At Plateau State Specialist Hospital in Jos, Stephen told Morning Star News that she and her children were members of the Evangelical Church Winning All (ECWA) in Kuru Jenta, while her mother and other Christian victims were members of Church of Christ in Nations (COCIN) in Foron Junction.
Her 6-year-old daughter underwent a second surgery on Friday (Dec. 20).
Dominic Esin, a spokesman for the Plateau Police Command, confirmed the deadly attack to Morning Star News.
Also in Barkin Ladi, on Dec. 14 Fulani herdsmen attacked the predominantly Christian town of Gwol, killing two Christians and wounding a third, 23-year-old Chom Philip, who is also receiving treatment at the Specialist Hospital in Jos. From his hospital bed he told Morning Star News that the attack took place at about 7 p.m.
“I had gone out to a nearby kiosk to our house to buy phone card for my mobile phone when the Muslim gunmen suddenly began shooting us,” Philip said. “When I was hit by the bullets, I crawled under a parked car, and that was how I survived the attack. The other two Christians, whose names I do not know, were killed instantly.”
Philip said he is a member of the COCIN congregation at Nding-Loh, Barkin Ladi. He told Morning Star News that his father, Philip Gyang Pam, had been killed by Muslim gunmen in 2001 in Nding-Loh.
In Tixkan village, also in Barkin Ladi, Muslim herdsmen on Dec. 11 killed four other Christians, according to the Rev. Pam Jang Pam of the COCIN in Foron. He identified them as Garos Bitrus, Nzang Bitrus, Davou Bitrus, and Simon Magit.
Emmanuel Loman, a Christian leader in Barkin Ladi, told Morning Star News that the several months of such attacks have devastated Christian communities in the area.
“This is a very sad development,” Loman said. “How long will these attacks continue?”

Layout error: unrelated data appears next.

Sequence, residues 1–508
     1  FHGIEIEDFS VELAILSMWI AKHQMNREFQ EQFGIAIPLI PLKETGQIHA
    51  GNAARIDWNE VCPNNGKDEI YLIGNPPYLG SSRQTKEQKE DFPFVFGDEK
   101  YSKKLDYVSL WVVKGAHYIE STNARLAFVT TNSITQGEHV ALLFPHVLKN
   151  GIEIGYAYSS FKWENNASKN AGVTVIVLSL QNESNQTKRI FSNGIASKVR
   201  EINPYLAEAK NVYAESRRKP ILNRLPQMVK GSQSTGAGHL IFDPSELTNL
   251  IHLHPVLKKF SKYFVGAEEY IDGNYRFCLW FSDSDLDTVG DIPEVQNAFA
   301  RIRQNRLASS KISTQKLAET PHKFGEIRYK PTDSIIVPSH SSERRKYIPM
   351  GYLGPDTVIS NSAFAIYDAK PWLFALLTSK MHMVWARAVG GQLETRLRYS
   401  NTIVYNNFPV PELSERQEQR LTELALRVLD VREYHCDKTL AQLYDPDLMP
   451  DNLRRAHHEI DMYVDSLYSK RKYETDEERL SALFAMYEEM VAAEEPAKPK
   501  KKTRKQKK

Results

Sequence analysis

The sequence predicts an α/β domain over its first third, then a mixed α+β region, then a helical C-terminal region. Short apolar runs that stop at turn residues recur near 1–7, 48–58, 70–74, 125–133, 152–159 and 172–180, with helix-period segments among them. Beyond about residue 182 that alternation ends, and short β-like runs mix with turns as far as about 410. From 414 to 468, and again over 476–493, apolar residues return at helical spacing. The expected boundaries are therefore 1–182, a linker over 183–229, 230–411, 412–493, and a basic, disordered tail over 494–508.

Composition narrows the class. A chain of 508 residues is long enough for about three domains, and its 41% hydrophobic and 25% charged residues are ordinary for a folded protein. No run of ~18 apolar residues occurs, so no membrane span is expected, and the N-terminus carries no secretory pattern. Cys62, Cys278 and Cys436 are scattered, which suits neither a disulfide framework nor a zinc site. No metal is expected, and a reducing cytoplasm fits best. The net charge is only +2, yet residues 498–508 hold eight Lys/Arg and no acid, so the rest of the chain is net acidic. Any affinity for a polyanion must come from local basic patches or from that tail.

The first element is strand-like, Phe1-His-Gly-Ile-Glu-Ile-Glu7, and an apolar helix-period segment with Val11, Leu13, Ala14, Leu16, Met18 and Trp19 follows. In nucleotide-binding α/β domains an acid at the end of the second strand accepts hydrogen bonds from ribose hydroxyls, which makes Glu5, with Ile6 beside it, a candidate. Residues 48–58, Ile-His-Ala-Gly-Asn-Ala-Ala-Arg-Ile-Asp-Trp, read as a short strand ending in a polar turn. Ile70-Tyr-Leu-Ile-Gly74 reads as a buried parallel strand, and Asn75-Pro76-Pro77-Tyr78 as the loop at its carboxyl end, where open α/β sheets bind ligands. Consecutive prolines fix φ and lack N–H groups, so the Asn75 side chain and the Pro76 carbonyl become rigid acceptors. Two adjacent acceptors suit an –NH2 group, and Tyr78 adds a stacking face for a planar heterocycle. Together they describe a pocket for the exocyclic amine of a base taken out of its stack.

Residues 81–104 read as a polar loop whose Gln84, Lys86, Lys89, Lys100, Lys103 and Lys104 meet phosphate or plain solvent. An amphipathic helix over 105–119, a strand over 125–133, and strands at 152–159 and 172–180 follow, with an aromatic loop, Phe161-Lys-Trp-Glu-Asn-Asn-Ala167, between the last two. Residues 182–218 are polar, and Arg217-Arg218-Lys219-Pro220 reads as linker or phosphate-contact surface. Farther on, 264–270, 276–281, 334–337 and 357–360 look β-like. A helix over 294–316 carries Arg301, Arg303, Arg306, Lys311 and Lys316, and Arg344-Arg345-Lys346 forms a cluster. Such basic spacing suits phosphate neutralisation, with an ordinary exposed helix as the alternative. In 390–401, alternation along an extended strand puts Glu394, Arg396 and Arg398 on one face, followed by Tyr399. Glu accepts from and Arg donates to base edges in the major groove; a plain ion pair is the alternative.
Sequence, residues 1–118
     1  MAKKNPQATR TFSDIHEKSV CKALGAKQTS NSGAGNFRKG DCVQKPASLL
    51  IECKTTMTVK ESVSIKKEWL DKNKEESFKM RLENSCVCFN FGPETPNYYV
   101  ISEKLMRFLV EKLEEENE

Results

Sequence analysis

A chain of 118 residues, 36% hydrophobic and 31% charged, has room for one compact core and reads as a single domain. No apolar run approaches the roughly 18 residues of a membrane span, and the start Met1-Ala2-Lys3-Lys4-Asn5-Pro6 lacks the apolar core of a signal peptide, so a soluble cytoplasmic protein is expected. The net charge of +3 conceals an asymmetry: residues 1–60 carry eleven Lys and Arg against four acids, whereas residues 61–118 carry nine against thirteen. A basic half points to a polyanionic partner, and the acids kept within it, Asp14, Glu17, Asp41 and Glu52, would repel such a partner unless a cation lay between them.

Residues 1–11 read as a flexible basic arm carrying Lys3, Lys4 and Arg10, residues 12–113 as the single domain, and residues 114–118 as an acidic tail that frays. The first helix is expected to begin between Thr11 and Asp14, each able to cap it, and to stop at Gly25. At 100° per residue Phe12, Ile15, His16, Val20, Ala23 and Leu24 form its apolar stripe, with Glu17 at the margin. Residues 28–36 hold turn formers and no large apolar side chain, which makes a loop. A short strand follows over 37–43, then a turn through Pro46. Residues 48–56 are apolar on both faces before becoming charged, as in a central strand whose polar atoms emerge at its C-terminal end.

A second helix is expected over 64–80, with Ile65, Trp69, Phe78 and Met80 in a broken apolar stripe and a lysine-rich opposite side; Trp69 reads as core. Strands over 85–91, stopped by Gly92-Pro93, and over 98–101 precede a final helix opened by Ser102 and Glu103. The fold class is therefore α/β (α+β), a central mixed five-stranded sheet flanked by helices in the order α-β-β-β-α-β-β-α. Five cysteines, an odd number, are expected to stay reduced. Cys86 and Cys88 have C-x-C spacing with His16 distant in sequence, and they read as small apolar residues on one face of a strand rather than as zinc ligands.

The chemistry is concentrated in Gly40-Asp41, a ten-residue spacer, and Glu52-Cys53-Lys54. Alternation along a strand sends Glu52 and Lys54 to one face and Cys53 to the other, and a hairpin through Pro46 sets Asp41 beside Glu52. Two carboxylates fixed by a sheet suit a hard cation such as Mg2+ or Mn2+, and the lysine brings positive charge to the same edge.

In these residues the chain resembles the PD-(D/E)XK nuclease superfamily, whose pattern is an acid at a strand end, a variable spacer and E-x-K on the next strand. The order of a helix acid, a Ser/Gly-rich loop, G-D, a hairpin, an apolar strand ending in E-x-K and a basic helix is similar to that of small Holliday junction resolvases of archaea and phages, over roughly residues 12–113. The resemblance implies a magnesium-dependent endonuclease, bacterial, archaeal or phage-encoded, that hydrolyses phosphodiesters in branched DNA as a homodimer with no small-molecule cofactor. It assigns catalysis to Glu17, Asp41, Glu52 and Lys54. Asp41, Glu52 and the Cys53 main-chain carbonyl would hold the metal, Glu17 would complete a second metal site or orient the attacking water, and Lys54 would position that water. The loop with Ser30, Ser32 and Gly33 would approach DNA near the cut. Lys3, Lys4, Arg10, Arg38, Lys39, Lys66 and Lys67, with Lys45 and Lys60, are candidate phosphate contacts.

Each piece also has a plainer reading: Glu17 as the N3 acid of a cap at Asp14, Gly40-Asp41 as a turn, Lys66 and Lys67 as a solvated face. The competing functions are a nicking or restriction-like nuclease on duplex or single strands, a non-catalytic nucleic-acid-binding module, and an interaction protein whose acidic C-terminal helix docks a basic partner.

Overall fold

Plateau officials on Nov. 24 had alerted Christians that Muslim extremists planned to carry out massive attacks on Christians in Jos and in other parts of the state during Christmas and New Year celebrations. Gov. Jonah Jang sounded the alert while speaking during a worship service at COCIN headquarters in Jos.
“Recent security reports available to the government point to the fact that some terrorists want to take the advantage of this Christmas to attack Plateau,” Jang said. “We must be watchful; we must not go to sleep, because keeping peace is not the job of government alone. We must report suspicious characters in our midst, and that’s the only way we can defeat them.”
Islamic extremist marauders have long attacked Christians in Plateau, Bauchi, Kaduna, Taraba and Adamawa states. In Kaduna state in northern Nigeria, Muslim Fulani herdsmen dressed in military fatigues on Dec. 12 attacked the Christian community of Bara in Sanga Local Government Area, said Dan Amos, chairman of the Sanga Local Government Council.
The assailants wounded security guards keeping watch over the house of the late Gen. Luka Yusuf, a Christian who served in the Nigerian Army.
From July 5 to July 7, Fulani Muslim herdsmen killed 60 Christians in Guma area villages, displacing about 7,000 Christians, church leaders said. Frank Usa Adii, chairman of the Guma Local Government Council, told Morning Star News that most of the displaced are women, children and the elderly.
“Christians are being attacked and killed every now and then in the villages,” he said. “The situation is bad because we actuallly have a serious refugee situation in our hands at the moment, considering that over 7,000 persons have been displaced by these attacks.”